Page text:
A couple years ago, I had a conversation with some of my guy friends that I’ll never forget.
We were talking about whether there’s such a thing as “a good rape joke” (answer: no), and I mentioned that women tend to have “rape anxiety” in public. They didn’t understand the concept, so I explained:
Sometimes, if we’re walking down a dark alley alone, we worry that we might get raped. That anxiety can even happen in more low-risk situations, like if we’re walking to work in broad daylight or even when someone rolls down the window of their car to shout something about our bodies.
My dude friends looked at me like I had just convincingly explained to them that the Earth was flat.
They had no idea that I experienced this fundamental truth of my existence every day.
They had no idea this feeling was shared, to some degree, with most women (and other marginalized people who are threatened in public spaces). It had never even occurred to my favorite men that many of the people they interact with live with this form of apprehension all the time.
A few weeks later, after our conversation, my friend Eric told me a story.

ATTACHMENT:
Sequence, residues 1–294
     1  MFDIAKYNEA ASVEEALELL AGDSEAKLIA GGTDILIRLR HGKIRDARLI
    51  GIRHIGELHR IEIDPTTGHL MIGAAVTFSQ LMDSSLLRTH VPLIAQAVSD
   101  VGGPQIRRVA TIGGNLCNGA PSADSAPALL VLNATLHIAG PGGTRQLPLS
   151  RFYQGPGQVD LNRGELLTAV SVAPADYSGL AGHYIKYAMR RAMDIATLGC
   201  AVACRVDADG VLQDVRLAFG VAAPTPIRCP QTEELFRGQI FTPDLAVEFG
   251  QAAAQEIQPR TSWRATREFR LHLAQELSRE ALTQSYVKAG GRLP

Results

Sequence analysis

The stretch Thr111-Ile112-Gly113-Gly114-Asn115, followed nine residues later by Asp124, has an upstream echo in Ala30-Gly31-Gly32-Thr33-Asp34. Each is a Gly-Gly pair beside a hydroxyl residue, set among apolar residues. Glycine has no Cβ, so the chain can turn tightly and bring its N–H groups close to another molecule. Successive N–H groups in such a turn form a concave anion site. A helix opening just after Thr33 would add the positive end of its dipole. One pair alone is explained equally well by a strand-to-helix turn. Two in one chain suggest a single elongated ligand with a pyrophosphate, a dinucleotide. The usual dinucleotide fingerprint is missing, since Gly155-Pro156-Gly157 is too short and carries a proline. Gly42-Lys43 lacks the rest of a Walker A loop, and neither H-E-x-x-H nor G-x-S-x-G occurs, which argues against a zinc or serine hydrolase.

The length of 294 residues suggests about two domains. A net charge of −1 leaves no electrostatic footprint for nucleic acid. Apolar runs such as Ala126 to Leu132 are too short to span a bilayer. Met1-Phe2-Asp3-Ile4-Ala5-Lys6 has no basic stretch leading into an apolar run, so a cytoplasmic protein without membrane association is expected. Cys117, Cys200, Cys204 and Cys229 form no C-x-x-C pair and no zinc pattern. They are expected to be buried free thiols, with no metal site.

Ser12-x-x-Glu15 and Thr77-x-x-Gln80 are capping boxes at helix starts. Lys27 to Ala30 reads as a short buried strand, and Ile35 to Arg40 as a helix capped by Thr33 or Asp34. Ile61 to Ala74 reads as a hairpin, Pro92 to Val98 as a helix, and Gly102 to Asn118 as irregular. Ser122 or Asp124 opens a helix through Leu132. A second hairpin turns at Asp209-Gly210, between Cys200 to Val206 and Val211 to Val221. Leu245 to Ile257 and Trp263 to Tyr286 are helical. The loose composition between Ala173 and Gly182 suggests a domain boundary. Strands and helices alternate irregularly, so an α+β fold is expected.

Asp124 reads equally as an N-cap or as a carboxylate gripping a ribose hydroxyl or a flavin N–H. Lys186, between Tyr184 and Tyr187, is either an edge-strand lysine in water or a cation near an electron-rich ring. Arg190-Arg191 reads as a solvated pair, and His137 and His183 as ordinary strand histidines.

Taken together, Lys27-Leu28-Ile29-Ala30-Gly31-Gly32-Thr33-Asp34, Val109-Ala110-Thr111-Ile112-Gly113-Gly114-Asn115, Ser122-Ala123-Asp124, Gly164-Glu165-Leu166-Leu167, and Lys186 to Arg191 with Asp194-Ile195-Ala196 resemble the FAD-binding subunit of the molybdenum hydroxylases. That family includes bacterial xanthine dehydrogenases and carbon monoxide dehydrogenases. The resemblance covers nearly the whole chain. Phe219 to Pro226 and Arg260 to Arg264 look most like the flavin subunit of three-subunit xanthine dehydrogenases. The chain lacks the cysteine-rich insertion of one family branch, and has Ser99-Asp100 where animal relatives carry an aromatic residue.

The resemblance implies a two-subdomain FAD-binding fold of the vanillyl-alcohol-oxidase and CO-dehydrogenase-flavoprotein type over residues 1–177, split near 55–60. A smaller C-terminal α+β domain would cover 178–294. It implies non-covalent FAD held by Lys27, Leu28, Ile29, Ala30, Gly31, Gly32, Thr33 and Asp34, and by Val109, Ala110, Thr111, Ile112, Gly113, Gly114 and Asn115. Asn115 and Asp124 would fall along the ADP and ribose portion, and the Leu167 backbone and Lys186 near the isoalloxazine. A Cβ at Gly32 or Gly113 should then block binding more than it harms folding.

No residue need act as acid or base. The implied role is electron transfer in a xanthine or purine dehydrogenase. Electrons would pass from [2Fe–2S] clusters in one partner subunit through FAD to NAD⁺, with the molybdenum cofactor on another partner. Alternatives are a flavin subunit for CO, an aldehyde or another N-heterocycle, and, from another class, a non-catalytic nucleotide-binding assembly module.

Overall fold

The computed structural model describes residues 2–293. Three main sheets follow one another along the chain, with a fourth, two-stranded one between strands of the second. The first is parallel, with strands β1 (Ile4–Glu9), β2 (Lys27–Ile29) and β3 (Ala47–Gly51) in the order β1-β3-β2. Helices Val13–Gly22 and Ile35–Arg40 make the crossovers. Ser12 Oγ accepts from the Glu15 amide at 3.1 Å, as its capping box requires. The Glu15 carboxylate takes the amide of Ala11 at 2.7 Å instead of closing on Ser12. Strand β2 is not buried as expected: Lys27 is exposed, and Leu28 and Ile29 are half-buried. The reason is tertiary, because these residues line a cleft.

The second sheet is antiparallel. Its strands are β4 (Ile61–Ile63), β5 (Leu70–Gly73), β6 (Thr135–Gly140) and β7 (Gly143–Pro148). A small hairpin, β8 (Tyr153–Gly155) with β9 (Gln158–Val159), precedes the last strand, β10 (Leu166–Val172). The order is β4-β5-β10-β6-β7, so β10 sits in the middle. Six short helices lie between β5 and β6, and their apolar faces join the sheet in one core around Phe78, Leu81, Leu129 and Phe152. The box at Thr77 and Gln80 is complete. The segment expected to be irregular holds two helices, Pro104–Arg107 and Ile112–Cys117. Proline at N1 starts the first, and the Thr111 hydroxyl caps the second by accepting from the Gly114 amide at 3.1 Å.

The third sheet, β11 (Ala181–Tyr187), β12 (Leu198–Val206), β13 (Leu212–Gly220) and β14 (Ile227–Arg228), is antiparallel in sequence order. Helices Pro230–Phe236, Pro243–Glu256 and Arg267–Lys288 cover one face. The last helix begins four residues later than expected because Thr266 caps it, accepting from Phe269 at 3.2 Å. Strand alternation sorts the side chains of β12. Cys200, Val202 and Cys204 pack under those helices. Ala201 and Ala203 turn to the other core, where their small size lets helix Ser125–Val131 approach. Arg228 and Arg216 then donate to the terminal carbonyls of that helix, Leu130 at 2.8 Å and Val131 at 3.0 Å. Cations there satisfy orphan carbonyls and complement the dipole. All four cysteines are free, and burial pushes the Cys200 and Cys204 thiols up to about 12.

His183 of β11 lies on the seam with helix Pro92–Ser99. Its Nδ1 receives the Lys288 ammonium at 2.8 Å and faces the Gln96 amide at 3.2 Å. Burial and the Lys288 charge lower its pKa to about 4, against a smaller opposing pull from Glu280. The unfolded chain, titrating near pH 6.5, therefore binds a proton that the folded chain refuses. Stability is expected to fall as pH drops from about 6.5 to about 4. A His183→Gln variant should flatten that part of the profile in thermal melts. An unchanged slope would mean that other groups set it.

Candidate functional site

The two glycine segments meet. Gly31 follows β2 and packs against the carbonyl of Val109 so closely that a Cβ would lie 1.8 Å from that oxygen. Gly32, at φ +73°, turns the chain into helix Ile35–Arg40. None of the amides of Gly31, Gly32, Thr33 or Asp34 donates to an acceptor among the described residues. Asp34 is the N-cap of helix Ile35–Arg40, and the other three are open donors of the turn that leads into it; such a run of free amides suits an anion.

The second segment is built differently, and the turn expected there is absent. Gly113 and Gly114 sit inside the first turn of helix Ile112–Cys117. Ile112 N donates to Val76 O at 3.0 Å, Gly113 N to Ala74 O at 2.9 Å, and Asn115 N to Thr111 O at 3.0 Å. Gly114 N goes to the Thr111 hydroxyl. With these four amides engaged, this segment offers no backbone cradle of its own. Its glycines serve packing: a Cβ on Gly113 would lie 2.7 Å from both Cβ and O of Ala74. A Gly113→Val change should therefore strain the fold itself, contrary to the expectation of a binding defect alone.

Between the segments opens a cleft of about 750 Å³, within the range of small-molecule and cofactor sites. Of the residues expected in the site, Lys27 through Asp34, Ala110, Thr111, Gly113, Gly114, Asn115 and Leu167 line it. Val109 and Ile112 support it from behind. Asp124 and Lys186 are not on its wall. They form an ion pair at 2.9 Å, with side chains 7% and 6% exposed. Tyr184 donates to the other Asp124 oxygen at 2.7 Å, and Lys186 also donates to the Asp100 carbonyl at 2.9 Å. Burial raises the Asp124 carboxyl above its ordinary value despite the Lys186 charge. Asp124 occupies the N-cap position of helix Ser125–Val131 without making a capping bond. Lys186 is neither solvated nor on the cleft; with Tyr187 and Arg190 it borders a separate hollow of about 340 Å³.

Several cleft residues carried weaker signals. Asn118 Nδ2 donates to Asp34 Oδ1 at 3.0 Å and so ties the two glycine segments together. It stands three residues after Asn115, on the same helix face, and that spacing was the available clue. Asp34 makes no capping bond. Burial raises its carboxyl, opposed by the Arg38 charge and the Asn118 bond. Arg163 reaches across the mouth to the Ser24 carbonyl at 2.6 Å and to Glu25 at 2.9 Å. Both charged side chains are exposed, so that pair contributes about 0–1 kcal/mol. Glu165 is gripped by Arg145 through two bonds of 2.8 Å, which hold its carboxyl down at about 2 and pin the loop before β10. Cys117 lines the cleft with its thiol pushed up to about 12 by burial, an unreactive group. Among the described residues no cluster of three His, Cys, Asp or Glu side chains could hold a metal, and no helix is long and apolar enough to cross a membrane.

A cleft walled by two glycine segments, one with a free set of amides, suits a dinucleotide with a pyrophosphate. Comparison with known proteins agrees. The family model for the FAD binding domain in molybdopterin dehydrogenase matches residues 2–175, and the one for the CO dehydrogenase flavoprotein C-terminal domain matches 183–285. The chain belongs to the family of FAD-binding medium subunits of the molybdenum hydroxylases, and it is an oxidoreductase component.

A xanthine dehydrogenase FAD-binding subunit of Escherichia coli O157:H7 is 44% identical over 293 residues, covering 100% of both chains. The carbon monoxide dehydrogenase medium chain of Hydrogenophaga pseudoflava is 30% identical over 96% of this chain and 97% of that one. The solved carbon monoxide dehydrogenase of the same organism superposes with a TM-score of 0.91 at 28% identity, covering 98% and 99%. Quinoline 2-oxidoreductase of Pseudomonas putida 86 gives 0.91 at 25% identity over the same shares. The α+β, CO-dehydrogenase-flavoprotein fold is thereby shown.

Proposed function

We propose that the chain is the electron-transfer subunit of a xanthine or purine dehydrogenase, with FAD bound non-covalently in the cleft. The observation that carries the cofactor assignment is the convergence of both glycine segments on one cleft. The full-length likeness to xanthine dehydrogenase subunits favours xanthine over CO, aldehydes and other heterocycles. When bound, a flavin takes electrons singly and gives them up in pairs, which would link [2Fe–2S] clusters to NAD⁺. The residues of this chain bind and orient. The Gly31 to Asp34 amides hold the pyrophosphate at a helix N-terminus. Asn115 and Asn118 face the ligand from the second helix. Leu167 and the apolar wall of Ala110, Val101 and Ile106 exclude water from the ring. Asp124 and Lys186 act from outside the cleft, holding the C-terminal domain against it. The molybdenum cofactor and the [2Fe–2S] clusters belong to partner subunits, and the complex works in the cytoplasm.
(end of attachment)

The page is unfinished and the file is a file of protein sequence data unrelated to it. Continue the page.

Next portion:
He said he was walking down the street at night, about 15 feet behind a young woman. At one point, she glanced back at him — and he recalled our conversation. So he started walking slower and decided to take a different route home, in case he was unintentionally making her nervous.
I gave him a hug and felt lucky to have men in my life that take sexual harassment and gendered violence seriously. But even well-intentioned guys may be unaware of how their position of power creates intimidating situations.
To the dudes I love, the dudes who walk me home at night and care about me very much, here’s what your female friend wants you to know when she’s talking about harassment and violence:
I need you to use your privilege as a shield.
Guys, it’s exhausting to have to do all of this work ourselves. We really want your help.
The perpetrators of gendered microaggressions, sexual harassment, and sexual violence aren’t strangers — they’re the men in your classes, your workplace, your gym. So if you see something, please say something.
If a coworker makes an inappropriate comment to you about another coworker’s body, please tell them it’s not OK.
If you see a dude harassing a female friend at a party or a bar, please tactfully interject yourself into the situation to give her an out.
And, for the love of all that is holy, PLEASE teach your sons, brothers, and friends to do the same.